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Andersen J.R.,Forde Central Hospital Forde | Andersen J.R.,Sogn og Fjordane University College | Aadland E.,Sogn og Fjordane University College | Nilsen R.M.,University of Bergen | Vage V.,Forde Central Hospital Forde
Obesity Surgery | Year: 2014

Background: Weight loss following bariatric surgery varies according to patient factors before the intervention. However, whether predictors of weight loss differ between men and women is, to our knowledge, unknown. We therefore aimed to investigate baseline predictors for overall weight loss and identify potential sex-specific baseline predictors in bariatric surgery patients. Methods: In this prospective cohort study, 160 patients (117 women and 43 men) who underwent sleeve gastrectomy were followed up for 2 years. Weight loss was defined as percent excess body mass index loss (%EBMIL). To investigate whether %EBMIL differed between men and women, we included all two-way interactions with sex by incorporating the product term sex and predictors using multiple linear regression analysis. Results: The overall mean ± standard deviation of %EBMIL after 2 years was 78.3 ± 23.5. Predictors for lower %EBMIL in a regression model with no interactions were female sex (P = 0.003), higher body mass index before surgery (P = 0.001), and nonsmoking (P = 0.029). When examining sex-specific predictors for %EBMIL, higher age (P = 0.027) and not having diabetes (P = 0.007) predicted lower %EBMIL in men. In women, unemployment (P = 0.006) and anxiety and/or depression (P = 0.009) predicted lower %EBMIL. Conclusions: This study suggests that weight loss and predictors for weight loss 2 years after sleeve gastrectomy are sex-specific. These findings may be useful for the surgical strategy used to treat these patients. © 2013 Springer Science+Business Media New York.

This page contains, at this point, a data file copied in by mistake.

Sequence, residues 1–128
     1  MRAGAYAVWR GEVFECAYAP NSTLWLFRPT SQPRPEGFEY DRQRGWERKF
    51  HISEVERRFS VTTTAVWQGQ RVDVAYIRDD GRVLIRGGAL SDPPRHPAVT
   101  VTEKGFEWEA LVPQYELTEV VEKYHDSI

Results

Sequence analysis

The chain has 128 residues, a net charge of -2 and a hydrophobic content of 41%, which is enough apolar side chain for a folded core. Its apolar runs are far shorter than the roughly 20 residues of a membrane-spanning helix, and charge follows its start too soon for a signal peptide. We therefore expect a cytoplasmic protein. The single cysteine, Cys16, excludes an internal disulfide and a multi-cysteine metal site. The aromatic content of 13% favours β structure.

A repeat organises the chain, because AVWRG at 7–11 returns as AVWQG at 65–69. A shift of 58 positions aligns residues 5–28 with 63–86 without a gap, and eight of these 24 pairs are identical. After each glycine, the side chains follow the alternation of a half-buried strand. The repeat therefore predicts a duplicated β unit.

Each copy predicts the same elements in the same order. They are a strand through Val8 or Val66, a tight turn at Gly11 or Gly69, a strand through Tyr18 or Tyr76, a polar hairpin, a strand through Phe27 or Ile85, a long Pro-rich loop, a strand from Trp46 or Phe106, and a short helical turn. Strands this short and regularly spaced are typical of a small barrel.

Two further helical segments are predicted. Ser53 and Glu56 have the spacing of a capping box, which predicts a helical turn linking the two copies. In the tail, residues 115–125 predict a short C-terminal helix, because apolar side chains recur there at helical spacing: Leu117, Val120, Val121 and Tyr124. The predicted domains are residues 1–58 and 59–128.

PubMed | University of Bergen, Forde Central Hospital Forde and Sogn og Fjordane University College
Type: Journal Article | Journal: Clinical case reports | Year: 2014

A case of intolerable leg pain in pregnancy, caused by Chronic Compartment Syndrome (CCS), is presented. Increasing amounts of opioids were given throughout the pregnancy. Anesthetical dilemmas and surgery are discussed. In conclusion, early surgery rather than opioids is recommended.

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